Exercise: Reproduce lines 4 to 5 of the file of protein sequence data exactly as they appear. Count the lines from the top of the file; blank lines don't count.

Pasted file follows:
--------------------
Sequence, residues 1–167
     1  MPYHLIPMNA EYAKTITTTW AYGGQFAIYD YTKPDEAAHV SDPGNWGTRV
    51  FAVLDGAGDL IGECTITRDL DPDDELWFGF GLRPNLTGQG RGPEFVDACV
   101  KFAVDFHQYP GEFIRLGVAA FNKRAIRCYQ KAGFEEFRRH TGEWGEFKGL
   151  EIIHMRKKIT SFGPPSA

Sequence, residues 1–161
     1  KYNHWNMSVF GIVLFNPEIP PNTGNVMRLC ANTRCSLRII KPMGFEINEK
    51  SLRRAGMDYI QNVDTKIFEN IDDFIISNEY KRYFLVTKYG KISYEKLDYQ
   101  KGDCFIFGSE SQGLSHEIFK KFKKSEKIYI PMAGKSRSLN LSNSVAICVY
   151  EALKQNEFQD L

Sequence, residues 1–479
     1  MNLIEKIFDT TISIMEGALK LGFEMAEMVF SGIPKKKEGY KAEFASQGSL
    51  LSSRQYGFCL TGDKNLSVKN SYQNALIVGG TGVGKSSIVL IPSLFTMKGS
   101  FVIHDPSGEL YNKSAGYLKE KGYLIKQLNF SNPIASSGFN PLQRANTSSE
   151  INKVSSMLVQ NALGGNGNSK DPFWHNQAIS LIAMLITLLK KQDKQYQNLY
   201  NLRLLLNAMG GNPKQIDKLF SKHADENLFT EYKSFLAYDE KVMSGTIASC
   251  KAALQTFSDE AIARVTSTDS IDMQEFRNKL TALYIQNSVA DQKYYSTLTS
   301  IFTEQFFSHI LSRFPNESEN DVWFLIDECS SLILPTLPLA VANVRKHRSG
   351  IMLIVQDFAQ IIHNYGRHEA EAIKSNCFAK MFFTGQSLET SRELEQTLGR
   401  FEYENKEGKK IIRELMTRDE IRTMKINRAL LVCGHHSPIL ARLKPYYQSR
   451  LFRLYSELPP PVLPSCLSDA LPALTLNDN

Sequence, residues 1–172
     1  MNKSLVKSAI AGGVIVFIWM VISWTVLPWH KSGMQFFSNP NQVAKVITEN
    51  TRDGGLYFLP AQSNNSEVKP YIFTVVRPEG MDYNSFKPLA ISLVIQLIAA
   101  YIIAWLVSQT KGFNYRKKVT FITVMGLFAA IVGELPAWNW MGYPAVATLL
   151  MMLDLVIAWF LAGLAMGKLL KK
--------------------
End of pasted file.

   101  KFAVDFHQYP GEFIRLGVAA FNKRAIRCYQ KAGFEEFRRH TGEWGEFKGL
   151  EIIHMRKKIT SFGPPSA